Think of a small town in an out of the way place, who has little money. Their parish priest dies, and they need another. The bishop sends them a priest, but he doesn’t read their language although he can understand it some. But he CAN read the Bible, and the Mass is still said perfectly, and the readings from the Bible are accurate, and the faithful, who have heard Latin since they were young, can understand.

It’s only in the last 100 years or so, with the advent of modern entertainment devices, that people have stopped learning even basic latin.

Remember that the many Church groups, such as Cathedral schools, would try to teach others Latin in latter centuries, when the Language was no long the tongue of the people. They didn’t get to everyone, mostly for practical reason. If they were trying to keep people in the dark, than why did try to teach the language, so that people could understand?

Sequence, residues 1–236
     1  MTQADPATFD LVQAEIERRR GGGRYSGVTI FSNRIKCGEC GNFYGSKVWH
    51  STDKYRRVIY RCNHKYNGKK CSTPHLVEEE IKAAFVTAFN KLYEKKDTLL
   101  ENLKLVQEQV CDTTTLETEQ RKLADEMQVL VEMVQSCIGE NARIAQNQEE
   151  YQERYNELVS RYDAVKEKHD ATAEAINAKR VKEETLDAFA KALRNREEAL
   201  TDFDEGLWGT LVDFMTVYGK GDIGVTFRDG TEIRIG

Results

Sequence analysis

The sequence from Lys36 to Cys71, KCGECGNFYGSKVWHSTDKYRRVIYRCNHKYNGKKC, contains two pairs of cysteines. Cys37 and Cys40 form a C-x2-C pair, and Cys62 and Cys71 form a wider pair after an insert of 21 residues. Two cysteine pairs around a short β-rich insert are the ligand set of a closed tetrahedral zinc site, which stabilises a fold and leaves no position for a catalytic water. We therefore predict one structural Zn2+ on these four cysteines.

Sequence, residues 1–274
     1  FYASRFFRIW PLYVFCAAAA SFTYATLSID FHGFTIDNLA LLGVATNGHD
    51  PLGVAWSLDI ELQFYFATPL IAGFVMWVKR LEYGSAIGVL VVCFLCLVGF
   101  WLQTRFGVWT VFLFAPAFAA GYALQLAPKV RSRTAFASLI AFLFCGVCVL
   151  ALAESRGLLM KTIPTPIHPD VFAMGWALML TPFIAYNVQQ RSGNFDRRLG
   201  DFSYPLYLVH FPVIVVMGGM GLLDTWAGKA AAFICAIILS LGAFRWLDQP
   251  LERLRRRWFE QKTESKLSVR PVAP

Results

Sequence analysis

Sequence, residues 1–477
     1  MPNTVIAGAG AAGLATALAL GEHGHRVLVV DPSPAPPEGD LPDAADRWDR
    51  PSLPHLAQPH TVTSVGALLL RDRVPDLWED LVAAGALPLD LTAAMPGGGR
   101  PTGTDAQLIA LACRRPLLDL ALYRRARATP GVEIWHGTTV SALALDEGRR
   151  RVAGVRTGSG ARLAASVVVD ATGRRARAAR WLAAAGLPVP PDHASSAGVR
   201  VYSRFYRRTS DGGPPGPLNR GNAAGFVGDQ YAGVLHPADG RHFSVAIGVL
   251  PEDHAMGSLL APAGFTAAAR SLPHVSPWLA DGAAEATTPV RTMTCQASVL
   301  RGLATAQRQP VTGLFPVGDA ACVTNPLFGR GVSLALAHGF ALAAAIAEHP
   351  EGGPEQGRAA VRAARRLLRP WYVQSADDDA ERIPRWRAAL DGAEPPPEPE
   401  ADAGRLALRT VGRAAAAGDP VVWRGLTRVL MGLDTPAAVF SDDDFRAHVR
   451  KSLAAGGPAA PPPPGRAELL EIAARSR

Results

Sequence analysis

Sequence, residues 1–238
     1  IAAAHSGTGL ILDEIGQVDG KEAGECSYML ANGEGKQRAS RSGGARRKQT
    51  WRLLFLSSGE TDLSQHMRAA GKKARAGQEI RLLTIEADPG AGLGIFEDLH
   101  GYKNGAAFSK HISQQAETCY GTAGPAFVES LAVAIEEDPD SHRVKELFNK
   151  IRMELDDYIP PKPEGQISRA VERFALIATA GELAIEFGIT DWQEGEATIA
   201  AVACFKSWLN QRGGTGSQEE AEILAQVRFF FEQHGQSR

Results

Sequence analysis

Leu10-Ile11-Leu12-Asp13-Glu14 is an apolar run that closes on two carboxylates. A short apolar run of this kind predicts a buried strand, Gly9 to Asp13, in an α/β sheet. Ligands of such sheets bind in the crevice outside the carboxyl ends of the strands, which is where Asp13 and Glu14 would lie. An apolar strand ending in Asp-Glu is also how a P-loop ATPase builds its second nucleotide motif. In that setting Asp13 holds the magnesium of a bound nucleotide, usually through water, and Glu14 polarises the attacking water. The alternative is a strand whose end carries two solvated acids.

Christi pax,


You are wrong here. Koine Greek was the vernacular and lingua franca only in the Eastern part of the Empire. The Western part was using Latin.

  1. It was the vernacular language in the time of the Roman Empire.

  2. Latin remained the standard written language for a millenium after the Empire’s collapse.

  3. Other European languages in the Middle Ages were not formalized enough and did not follow the precise rules of grammar, spelling, etc. They would not have suited theological texts, where every shade of meaning matters.

  4. Embryonic Romance languages of the Mediterranean (predecessors of modern Italian, Spanish, Catalan, etc.) all descended from Vulgar Latin. In the early stages of their development they were not very distinct from Latin; and I bet the Mass was still comprehensible for the commoners.

  5. One official language facilitates uniformity of the Church thinking and practices.